My Grandpa and Grandma purchased a small, nearly 144-acre family farm in the town of Lisbon, back in the 1930’s. They worked, along with their four children (followed later by grandchildren), their entire lives. I felt lucky to work and come to know my Grandpa Gross as we cultivated that farm.
Farming, as a way of life, is hard, both physically and mentally. Grandpa was up every morning, before dawn, to milk the cows. To me, there was a ritual-type feel to it, one where diverging or missing a step would cause a cacophony, (maybe it should be called a “cow-cophony”?), in the barn. There was that same type of order with cleaning the milk house or separating the cream, just with a lot less mooing.
Planting in the spring also had that ritual feel. The temperature had to be ideal, soil moisture at optimum levels and equipment well-oiled and ready. Once those seeds were planted, we would watch them grow, taking care of any issues as they crop up. Then in the fall, we’d harvest the wheat, hay and corn, which would feed the livestock throughout the winter.
Additionally, there was always something to be fixed or needed upgrading. In fact, I was the last one to paint the milk house before my grandparent’s retirement. Though even in retirement, work on the farm continued, just without the livestock. My dad was the first to come off the farm and go to college, but my grandpa kept at it, dying with his boots on, doing what he loved and loving what he did.
After working and living on the farm for multiple summers, I developed a healthy respect for both the outdoors and growing things. My high school graduation speech to the Arrowhead class of 1977 began with, “High upon the seat of my grandfather’s John Deere tractor…,” relating those experiences to the future for my classmates and myself.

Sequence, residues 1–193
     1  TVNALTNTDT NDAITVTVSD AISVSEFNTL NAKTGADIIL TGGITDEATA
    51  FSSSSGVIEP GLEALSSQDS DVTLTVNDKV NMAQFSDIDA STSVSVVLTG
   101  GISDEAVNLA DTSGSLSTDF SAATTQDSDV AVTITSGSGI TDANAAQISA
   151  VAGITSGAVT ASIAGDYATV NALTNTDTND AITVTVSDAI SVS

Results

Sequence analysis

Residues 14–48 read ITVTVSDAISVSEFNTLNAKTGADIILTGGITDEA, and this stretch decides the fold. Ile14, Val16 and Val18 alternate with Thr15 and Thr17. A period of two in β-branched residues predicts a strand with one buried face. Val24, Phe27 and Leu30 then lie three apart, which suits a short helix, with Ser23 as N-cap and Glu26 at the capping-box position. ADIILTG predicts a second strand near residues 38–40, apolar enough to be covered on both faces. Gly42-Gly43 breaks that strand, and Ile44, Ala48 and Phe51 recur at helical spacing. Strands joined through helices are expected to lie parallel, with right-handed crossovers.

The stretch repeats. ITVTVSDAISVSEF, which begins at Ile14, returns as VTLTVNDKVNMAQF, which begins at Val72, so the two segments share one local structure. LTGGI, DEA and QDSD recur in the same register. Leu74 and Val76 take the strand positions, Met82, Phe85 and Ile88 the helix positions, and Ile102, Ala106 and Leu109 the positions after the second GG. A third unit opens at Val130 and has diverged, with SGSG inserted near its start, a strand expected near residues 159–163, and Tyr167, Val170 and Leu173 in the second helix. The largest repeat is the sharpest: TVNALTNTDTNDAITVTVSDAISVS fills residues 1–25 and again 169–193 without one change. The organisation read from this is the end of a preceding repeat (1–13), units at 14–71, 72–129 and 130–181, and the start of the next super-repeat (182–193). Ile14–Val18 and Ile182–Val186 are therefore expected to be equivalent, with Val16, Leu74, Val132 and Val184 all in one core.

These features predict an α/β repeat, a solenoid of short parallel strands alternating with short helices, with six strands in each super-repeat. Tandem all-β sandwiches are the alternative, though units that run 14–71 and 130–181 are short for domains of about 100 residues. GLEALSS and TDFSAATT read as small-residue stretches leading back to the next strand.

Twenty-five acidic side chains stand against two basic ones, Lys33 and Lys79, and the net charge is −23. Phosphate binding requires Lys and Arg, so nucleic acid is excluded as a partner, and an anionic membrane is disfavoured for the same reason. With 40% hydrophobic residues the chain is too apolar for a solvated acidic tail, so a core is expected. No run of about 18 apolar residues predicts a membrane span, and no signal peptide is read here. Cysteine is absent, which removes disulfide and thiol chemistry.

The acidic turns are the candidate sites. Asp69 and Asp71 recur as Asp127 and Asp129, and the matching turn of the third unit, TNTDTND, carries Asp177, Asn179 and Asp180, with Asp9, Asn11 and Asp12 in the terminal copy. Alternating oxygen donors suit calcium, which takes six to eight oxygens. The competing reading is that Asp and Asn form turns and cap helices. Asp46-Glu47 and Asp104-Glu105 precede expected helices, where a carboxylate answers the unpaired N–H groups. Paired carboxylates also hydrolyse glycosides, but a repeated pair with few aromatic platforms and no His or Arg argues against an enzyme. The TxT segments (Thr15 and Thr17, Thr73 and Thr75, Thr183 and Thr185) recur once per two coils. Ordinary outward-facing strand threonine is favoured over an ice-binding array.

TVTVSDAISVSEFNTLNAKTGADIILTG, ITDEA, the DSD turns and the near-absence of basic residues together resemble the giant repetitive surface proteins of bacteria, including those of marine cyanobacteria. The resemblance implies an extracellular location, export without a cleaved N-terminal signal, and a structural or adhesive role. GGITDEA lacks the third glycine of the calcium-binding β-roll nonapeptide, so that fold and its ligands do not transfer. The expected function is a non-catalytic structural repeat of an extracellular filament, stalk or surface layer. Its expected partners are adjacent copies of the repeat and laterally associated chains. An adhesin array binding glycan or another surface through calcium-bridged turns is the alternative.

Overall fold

We here at Gross Automation are constantly working to grow our points of culture, specifically looking for engaging (non-food) ways to celebrate our achievements. Paul, our president and Amie, our purchasing manager, got together and brainstormed which events to follow and celebrate. When “National Plant a Flower Day,” on March 12, 2021 was quickly followed by “National Flower Day,” on March 21, 2021, they decided to cultivate these events. Online, they purchased one kit with 24 seed packets, black dirt and clay pots, for about $70. Amie wrote up, on small pieces of paper, some inspirational messages, personalizing each kit and giving one to each of our team members to take home and to grow.
Just like my grandpa on the farm and just as we do at Gross Automation, we watched over our seedlings, nurturing the plants to various successes. Many had their plants survive and thrive. Even with the greatest care, some went awry, lost during storms, high winds, or the current drought. Overall, it was an incredible team-building experience. Pasted above is a picture of my mature sunflower plant. Full disclosure here, even with my farming background, my wife is the one with the green thumb!
Now, let me ask, what seeds did you sow this year? How are they turning out? Better yet, what seeds are you growing now to sow for the future? Will you nurture and care for them as needed until they bear flowers? Remember, nothing happens until that seed is planted, so get started today.
Your benefit will be a successful harvest, in whichever industry or business you choose.
Come grow with us!